For example, two years ago, Rep. Ryan was among the Republicans who helped defeat an effort to resurrect a coal-mine safety reform bill put together after the deaths of 29 workers at the Massey Energy Upper Big Branch Mine in April 2010.But forget improving mine safety. Paul Ryan's budget may not be Mitt Romney's official plan, at least as long as he's campaigning and it's still deeply unpopular. But here's what that budget would have done to the Mine Safety and Health Administration, according to an analysis by the House Committee on Education and the Workforce’s Democratic staff. If Ryan's cuts to the MSHA budget were applied across the board evenly:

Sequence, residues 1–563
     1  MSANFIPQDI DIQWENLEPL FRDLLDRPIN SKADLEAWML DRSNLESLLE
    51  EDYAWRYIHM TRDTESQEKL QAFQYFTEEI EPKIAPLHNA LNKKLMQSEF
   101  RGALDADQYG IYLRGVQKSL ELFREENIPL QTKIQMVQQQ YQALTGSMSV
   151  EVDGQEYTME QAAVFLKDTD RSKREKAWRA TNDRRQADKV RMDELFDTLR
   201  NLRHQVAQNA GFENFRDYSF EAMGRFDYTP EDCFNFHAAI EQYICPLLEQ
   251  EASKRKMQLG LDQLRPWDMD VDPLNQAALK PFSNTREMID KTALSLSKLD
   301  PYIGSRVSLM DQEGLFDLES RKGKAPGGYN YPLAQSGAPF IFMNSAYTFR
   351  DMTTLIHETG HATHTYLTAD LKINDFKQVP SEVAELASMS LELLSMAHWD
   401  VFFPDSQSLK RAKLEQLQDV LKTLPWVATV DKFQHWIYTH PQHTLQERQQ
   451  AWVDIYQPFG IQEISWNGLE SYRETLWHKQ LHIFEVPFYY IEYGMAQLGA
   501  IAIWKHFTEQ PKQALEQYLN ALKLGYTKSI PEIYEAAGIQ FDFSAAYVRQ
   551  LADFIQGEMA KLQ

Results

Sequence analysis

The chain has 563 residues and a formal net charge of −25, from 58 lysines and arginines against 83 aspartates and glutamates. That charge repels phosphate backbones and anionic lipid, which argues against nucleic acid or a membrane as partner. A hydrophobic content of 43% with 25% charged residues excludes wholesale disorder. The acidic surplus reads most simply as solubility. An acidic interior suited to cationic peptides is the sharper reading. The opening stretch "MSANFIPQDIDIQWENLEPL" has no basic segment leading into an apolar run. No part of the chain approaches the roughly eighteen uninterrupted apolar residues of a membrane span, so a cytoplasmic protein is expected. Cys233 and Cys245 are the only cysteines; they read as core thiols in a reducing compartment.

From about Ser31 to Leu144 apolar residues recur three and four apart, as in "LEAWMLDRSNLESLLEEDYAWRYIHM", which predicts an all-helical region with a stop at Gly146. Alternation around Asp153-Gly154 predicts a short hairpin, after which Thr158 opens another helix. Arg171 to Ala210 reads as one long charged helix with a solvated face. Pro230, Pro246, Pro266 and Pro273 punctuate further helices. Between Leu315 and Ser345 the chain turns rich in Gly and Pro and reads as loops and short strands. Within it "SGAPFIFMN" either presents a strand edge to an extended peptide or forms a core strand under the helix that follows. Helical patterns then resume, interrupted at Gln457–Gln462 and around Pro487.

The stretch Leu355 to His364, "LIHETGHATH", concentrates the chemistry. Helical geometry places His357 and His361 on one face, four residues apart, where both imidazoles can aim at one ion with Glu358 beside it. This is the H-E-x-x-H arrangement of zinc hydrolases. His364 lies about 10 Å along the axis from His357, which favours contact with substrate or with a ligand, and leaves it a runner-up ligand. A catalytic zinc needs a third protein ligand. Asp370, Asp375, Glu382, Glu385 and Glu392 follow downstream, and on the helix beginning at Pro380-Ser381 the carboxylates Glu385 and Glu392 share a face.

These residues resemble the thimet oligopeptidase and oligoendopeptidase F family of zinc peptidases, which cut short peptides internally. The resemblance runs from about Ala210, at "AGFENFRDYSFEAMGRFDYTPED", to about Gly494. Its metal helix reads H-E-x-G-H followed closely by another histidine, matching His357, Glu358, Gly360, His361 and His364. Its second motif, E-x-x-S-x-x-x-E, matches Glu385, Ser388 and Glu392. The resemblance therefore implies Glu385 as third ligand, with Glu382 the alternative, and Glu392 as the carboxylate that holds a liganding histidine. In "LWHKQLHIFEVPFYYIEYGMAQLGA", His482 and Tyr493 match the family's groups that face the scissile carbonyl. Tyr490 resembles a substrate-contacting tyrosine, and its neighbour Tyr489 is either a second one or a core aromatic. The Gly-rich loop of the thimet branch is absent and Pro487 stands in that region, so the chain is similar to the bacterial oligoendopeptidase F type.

MSHA would lose 22 coal mine inspectors in 2013 (5.4 percent of 411 total inspectors), and another 78 (19 percent of 411 inspectors) in 2014, dropping the coal inspectors from 411 to 311 nationwide by 2014. That’s even less than they had at the lowest ebb of the Bush years (2006). In 2006, the year of the Sago mine disaster which prompted the rebuilding of the agency, there were 326 coal inspectors.If Romney's use of coal miners as an unpaid campaign prop and his praise of the coal CEO who required miners to lose pay to hear Romney speak didn't tell you enough about where the Republican ticket stands on coal miners as opposed to coal CEOs, Ryan's obstruction of mine safety legislation and attempts to cut current mine safety inspectors should clear up any doubt.
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